In western culture, we always want “the best,” whether it’s our hairdresser, our doctor, or our romantic partner. But that last one is highly prone to subjective bias – a doctor is knowledgeable or not. A partner might fit certain societal standards of what is desirable, but not actually be a good fit for your psychology.

Think of the “quarterback effect,” the idea that we see football quarterbacks as more attractive because of their place of power and leadership on the field. And yet, according to the New York Times in 2009, the divorce rate for NFL players is between 60 and 80%. Their perceived attractiveness doesn’t make them better partners.

Therefore, a more advanced dating app could be a huge boon, taking some of the subjectivity out of dating and giving you what you need, not what you want.

And if that sounds too prescriptive, it’s not as if a dating app can ever take away choice. Jessica Alderson highlights how her app aims to still let users search for what they find attractive, it just encourages them to broaden that scope. “On certain dating apps you can search for people with brown hair and blues eyes, that kind of thing. If you know you’re really attracted to extroverts, we want to help you find that person you know you’re attracted to.”

With our rapidly improving technology, the sky’s the limit. Personality is one thing. But visuals are important too. How we present ourselves in pictures and video is often shallow and doesn’t help others gauge what we’re actually like. Again, an app that presents us as we are, not how we wish to look, could revolutionize the market. Maybe an AI that creates accurate, representative, deep fakes from our Instagrams?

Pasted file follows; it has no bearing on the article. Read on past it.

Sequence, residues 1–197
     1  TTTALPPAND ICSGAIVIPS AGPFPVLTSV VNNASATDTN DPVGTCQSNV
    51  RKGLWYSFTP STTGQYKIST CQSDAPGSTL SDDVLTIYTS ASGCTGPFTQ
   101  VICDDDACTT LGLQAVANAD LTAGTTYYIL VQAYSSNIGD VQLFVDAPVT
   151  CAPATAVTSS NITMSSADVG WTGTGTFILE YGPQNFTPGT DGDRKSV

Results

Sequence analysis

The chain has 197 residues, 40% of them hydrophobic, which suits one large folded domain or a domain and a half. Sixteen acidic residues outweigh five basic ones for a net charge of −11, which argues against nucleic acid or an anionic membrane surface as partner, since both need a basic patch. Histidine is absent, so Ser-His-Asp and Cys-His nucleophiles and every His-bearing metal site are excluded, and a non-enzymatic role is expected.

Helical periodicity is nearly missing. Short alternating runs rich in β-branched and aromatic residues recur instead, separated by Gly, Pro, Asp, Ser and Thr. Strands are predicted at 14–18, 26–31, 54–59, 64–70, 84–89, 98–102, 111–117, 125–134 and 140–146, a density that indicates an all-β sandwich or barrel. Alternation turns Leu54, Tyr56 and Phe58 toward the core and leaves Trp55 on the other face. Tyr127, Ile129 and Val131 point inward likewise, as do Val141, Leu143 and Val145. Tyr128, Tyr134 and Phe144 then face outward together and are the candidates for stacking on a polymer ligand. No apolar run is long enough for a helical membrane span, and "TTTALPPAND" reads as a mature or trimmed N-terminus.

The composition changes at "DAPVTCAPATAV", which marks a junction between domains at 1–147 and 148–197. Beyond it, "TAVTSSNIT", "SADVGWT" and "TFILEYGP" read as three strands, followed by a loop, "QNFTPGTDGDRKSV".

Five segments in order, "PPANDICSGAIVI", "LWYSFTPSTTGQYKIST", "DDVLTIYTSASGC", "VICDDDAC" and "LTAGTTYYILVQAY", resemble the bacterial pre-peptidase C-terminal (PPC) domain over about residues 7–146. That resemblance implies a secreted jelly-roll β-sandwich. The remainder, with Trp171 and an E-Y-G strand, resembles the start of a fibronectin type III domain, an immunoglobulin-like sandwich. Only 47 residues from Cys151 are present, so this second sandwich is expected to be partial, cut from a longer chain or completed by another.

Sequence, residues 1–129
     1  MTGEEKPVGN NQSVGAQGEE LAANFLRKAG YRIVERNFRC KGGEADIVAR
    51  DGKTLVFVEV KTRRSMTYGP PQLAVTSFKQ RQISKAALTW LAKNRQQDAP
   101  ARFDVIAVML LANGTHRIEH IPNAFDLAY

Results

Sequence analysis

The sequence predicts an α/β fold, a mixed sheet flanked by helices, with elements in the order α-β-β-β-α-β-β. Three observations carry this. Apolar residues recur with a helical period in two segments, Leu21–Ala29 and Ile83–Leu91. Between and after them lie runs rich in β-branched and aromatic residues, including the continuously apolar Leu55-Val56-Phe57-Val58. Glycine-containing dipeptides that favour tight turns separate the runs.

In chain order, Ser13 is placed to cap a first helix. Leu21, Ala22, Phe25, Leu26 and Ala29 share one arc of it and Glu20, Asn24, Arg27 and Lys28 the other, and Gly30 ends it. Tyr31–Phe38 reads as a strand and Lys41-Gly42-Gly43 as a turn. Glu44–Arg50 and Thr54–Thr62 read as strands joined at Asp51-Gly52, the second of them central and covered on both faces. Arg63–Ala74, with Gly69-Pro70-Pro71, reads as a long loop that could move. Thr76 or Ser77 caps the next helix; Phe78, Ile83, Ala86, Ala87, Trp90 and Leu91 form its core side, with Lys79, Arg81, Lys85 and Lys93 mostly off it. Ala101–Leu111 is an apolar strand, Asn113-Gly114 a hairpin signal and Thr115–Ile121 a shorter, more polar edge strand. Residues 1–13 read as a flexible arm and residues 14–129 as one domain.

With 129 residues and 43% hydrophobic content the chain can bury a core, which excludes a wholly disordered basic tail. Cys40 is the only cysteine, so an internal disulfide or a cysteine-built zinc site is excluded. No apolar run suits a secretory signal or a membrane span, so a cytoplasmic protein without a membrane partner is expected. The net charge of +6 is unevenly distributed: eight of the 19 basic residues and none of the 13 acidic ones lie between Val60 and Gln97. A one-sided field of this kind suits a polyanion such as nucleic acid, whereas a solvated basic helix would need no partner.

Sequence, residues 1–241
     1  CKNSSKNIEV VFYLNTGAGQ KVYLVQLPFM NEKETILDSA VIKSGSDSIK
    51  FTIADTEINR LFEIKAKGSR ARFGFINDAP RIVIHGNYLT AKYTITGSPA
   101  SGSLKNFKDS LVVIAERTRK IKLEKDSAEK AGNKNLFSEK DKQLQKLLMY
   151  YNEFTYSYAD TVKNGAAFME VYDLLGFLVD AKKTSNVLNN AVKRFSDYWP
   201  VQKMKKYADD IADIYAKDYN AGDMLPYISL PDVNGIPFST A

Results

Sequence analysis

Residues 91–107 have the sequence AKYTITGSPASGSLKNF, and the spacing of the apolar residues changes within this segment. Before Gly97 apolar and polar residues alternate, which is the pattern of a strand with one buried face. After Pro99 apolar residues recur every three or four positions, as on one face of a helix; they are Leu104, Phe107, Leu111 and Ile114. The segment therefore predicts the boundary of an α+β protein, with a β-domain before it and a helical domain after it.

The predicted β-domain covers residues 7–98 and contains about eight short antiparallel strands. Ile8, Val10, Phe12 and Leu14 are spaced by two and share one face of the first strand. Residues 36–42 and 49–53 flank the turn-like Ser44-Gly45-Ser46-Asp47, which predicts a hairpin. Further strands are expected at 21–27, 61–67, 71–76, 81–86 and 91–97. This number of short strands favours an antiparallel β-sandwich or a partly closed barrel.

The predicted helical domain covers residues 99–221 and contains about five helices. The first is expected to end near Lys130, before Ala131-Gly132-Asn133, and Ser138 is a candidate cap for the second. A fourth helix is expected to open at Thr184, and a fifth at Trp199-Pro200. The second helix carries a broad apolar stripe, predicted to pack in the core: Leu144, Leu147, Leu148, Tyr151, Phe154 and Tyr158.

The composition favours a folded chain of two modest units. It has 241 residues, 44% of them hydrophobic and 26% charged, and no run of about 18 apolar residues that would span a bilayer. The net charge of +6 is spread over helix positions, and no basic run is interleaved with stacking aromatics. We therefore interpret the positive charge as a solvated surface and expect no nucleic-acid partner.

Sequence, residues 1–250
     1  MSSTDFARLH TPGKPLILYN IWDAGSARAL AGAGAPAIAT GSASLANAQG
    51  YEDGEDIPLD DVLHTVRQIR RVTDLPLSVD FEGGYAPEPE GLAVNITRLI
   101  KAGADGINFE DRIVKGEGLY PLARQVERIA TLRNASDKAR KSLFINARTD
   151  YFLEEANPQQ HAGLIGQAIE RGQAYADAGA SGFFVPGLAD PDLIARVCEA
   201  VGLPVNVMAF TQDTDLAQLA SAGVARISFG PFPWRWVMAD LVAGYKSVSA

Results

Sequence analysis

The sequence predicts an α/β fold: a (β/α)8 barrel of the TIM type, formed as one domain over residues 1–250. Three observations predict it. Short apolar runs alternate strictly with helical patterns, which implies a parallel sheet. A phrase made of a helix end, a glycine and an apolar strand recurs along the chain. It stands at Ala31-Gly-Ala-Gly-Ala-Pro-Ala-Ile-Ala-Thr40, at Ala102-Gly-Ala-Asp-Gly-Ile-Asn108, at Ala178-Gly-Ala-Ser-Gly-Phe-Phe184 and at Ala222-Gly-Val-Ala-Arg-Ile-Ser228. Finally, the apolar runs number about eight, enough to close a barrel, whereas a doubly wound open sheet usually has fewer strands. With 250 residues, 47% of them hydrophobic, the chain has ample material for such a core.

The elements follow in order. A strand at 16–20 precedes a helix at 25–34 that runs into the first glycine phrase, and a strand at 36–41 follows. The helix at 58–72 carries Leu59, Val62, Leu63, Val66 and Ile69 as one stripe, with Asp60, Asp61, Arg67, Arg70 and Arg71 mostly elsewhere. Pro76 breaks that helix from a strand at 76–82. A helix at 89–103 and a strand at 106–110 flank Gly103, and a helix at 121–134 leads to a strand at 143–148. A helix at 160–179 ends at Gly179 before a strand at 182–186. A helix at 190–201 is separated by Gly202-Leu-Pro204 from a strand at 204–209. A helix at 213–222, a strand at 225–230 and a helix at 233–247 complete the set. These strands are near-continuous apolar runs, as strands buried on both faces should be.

If dating apps, like so much tech, augment humanity and help us to overcome our shortcomings, then it should follow that a well-designed app might catapult love and romance into its next evolutionary step. Humans evolve, become more moral and productive over time. Why can’t their love lives follow suit?

Bumble revolutionized dating for women when it gave them the power to initiate conversations. Now new apps like So Syncd can pave the way for the next big thing in dating.

Theo Miller is the co-founder and CEO of Hit Start, as well as the host of Tech Tmrw, a podcast where he interviews founders, innovators, and thinkers about the future of tech. The episode discussing the future of dating with So Syncd co-founder and CEO, Jessica Alderson, will be released on July 1st, 2022. Tech Tmrw is available on Apple and Spotify.